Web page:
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An Open Letter To the Kids Who Raised Themselves

by Lena Simons about a year ago in self help
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And the parents who haven't realized it yet.

Frank McKenna on Unsplash

I’d been lying to my therapist for a while, and it was a stupid thing to do. Why on earth would you think it makes sense to lie to someone you’re paying to listen to you. She was a great therapist, and I wanted so desperately to open up about everything. But, it’s hard. And I’d never had the practice.

“You get to control your relationships,” she’d said, “You can decide where you stand with people, and them with you.”

Growing up without your dad has a ton of individually unique, but equally troubling effects on your psyche. Coupled with having an emotionally immature and unavailable mother, you start life off with a lot of responsibilities. If there’s no one else is around to raise you, you have to do it yourself.

Interestingly enough, you don’t realize until it’s way too late. And by late, I mean long past your formative years. When you’re at an age, as defined by my therapist when you have to “reparent” yourself. You’d think, given you’ve been parenting yourself your entire life, this part would be easy. Of course, I can “reparent”, what else do I know more than if not how to raise myself?

The issue is, the reason you’re in therapy is that you did a bad job. Much like your actual parents. And, who can blame you? You’re not a parent. You shouldn’t have to reparent yourself. You never should have had to parent yourself in the first place.

You were forced into a job you couldn’t have been any less qualified for. And frankly, how many amazing examples of parents did you have around you? Outside of your own parents, how many of your friends lived in a happy nuclear family? How many dysfunctional parenting dynamics did you jump through, before you perfected yours?

When it comes to reparenting yourself, you learn a few things. You learn to accept you’ll never have the parents you desire. You can’t change people. The past is unchangeable, and the future is formable.

It’s weird coming to this realization because there’s no one you can tell. Most of your friends don’t want to see themselves in that part of you. Most of them still believe they owe their parents something for the mediocre jobs they’d done raising them. Many of them think they're fine. They’re trauma-dumping on you once a week, have an endless cycle of toxic relationships and are exceedingly codependent… but believe they’re fine.

Usually, when things at home are just the right amount of dysfunctional you learn early on, it’s disrespectful to hold your parents accountable. You’re not allowed to give them honest feedback on their parenting, and all the negative impacts it’s had on your life. There’s no correct way to say, “You’ve been a bad parent.” So, you don’t.

You grow more and more resentful as each day passes. One of your parents starts to hate you for it, and the other doesn’t like you enough to care. You can’t talk to your parents or your peers. So, you end up in therapy. Because who else is going to help you unpack all this?

You can’t name what’s wrong, you just know something's wrong. You know you hate this cycle. The cycle of your parent’s parents neglecting them, and now them neglecting you. You know that you hate where you’re from, and recognize it’s where you’re headed. And you realize you’re starting to hate yourself.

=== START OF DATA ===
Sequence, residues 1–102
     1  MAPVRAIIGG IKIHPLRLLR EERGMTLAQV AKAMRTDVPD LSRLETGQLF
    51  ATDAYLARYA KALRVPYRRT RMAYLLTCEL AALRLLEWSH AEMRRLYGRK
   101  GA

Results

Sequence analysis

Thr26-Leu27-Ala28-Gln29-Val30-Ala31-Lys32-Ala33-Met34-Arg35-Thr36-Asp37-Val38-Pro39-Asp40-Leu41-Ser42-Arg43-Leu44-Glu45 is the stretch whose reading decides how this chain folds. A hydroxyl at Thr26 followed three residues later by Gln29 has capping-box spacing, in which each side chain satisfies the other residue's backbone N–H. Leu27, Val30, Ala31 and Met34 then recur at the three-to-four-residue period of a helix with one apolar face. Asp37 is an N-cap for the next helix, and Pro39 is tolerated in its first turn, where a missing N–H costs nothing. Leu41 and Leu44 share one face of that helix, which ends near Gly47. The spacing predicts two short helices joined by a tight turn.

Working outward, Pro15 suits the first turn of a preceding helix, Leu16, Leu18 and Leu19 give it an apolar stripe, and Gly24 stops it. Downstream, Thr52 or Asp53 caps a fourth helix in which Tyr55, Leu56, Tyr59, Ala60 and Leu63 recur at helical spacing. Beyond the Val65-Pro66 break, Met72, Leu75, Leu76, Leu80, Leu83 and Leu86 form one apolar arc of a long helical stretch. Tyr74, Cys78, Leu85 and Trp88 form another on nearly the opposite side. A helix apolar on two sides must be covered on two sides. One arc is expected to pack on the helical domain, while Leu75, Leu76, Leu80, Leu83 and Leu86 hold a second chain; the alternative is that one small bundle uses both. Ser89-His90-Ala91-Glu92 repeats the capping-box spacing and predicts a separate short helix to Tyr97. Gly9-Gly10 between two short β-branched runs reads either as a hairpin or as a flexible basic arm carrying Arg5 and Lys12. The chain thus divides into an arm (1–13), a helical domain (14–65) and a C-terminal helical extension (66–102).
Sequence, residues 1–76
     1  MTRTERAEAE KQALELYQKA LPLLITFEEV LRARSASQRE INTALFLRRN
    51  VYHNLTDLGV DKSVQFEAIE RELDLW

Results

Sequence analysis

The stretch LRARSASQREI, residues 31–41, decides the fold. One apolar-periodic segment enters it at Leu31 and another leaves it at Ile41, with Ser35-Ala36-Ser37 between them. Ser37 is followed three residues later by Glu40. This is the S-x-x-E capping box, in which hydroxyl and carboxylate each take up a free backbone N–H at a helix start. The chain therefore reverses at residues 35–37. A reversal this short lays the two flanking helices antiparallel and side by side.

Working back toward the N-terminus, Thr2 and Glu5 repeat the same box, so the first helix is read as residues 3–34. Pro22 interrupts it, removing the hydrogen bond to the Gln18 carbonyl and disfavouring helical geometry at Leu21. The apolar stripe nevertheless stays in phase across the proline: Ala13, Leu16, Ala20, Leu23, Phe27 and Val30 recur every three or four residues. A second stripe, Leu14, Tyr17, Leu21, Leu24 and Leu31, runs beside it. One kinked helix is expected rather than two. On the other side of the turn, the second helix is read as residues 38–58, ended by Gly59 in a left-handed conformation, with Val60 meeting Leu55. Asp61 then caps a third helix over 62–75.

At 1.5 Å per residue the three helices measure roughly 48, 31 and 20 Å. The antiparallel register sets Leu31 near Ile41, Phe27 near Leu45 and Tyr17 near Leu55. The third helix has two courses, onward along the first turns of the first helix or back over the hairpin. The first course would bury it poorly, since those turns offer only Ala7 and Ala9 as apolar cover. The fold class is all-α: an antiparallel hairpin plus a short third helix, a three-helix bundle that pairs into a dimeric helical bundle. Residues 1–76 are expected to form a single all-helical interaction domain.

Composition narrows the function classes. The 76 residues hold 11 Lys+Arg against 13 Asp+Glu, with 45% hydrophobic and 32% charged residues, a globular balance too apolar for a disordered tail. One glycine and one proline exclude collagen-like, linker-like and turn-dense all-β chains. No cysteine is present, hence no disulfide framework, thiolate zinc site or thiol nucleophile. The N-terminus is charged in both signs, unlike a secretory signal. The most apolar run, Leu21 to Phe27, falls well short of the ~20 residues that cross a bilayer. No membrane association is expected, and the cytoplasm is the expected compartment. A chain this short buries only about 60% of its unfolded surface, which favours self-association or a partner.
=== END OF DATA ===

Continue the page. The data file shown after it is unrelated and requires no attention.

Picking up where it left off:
There’s no romantic way to unpack childhood trauma. All your anger isn’t going to be rational, but it’s there. Your inner child is hurt. As it has every right to be. You’re still resentful of the obvious distance between yourself and your family that you feel so powerless against. Most of all you’re exhausted.

Your therapist will sympathize with you. She reminds you that it wasn’t your fault. She walks you through personality disorders, narcissism, abuse, gaslighting, codependency and everyone one of your childhood trauma symptoms. She reassures you and helps explain why you are the way you are, and that you’re not doomed to be this way forever.

For the small price of several hours of your wages for only an hour of hers, she breaks it all down for you. She becomes the insanely costly parent you always needed.

You have to redefine the relationship with your parents in your head for the sake of your well-being. To be free from caring if they’re angry or not about what you say or do. She teaches you that you’re in control.

No one ever believes you when you say you’ve raised yourself. Until they bring up innocuous favours from their childhood they remember being done for them, which are experiences you’ve never had.

They usually, maybe accidentally, gaslight your experiences as a way to protect there’s. We all want to believe the people tasked with making our lives as good as can be, did right by us. Supposedly there’s no closer bond. Which, to those of us who don’t have that bond, is frightening. Eventually, self-fulfilling. With no actual concept of healthy relationships, you proceed to never have healthy relationships. At least, until you get help.

My open letter is for the present-day adults, who were the kids who raised themselves and continue to raise themselves today. Congratulations. Congratulations for making it this far, and doing the work of two when you’re only one. For being for yourself, what no one else around you could be. Our stories are the Allegory of the Cave. We’ve not yet seen the light that casts the shadow. We just know that by virtue of a shadow there’s a light.

I hope you’re seeing the light at the end of the tunnel that I do. It’s bright. So, incredibly bright.

self help

About the author

Lena Simons

I need lots of external validation to keep myself going each day.

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